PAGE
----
Hiking With Dogs

Here you can add photos and share stories about your adventures on the trail with your favorite companion.

Members: 42
Latest Activity: Feb 14

Giardia in Dogs

Heartworm in Dogs

Flea Prevention in Dogs

Above are links to Dr. Foster and Smiths pet education website. The best advice and treatments for your companion dog will be from your own veterinarian.

My vet recommends a Preventic Collar for my dogs while hiking with my dogs. It last for up to 3 months. This brand can only pick up at your vets office or possibly order online. It will prevent ticks. Advantage can be used in combination with the collar. Always look over your dog after a hike or a long stay outdoors.

I can't stress enough to be sure your pets are treated against Heartworms. The disease is transmitted through mosquito bites. If your pet is not on a preventive and left untreated, your best friend will die a horrible death. Personally I've fostered many Humane Society rescue dogs through Heartworm treatment. It is expensive and the after care is very difficult for the dog.

Giardia and Coccidia are also concerns when hiking with dogs. Giardia can be contracted from drinking from lakes, rivers, creeks and puddles. My dog picked it up last year when I allowed him several times to swim in a man made lake. It took several tests to accurately diagnose and walked out of the vet with $400 less. My other lab never picked it up and he swam just as often. Coccidia is picked up from your pet eating feces. These are 2 diseases to be aware of while hiking with your dog.

Discussion Forum

Ideas for feeding dog(s) on longer trails 3 Replies

Started by Aubry Reed. Last reply by Hammock Hanger Feb 14.

Comment Wall


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Comment by Steve V on November 29, 2012 at 6:50am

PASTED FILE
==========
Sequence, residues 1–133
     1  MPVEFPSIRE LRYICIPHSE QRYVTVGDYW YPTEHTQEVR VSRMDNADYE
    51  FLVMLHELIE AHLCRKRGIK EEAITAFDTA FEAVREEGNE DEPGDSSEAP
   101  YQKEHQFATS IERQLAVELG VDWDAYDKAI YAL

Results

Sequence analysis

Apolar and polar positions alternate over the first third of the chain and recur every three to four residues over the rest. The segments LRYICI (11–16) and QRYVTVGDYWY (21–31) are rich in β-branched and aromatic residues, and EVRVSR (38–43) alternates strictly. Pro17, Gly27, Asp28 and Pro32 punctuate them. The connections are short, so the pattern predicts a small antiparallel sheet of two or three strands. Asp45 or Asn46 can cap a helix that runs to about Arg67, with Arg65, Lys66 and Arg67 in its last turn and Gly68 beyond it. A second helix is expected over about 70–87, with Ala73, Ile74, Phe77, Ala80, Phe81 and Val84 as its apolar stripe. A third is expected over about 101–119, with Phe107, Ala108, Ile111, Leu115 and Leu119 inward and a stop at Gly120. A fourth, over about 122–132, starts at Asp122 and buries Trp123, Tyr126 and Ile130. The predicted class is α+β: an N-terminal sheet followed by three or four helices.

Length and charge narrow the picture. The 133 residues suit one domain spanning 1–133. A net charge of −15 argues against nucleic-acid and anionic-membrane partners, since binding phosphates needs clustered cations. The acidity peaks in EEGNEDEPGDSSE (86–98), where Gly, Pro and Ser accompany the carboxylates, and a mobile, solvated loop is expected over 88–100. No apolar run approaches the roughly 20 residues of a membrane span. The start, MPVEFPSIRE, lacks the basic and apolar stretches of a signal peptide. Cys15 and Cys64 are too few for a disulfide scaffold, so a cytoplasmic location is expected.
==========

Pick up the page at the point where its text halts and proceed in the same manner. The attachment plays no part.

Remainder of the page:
Hello, I am about to adopt a new best friend and would like some advice on what type of breed would be best for long or short hikes? As well as some advice on how to care for my buddy at night. A tent for two maybe? Thanks,

Steve V.

Comment by Melissa on July 18, 2011 at 3:31pm
Comment by Melissa on April 16, 2011 at 9:46pm
Comment by Melissa on April 16, 2011 at 8:37am

A day hike to Ralph E. Simmons.  It was a blast for all of us!

Comment by Mike & Kristi Fox on September 1, 2010 at 11:33am
oops...I think the message you all recieved was supposed to go here...oh well...howdy!
Comment by Marc on April 9, 2010 at 12:56pm
There was only one dog that tested positive for rabies virus throughout the state of Florida in 2009, so I really wouldn't worry about it. But it is unnerving when someone lets their dog loose. I was at Little Big Econ resting at the on the riverbank where the big bridge is. Someone let their GREAT DANE off the leash as I was eating lunch. This monster is running all around and of course comes up to me to check me out. I am a dog lover (for the most part) and this was a very sweet dog, but you don't know that until you've been licked. :P
Comment by Marc on April 8, 2010 at 8:25pm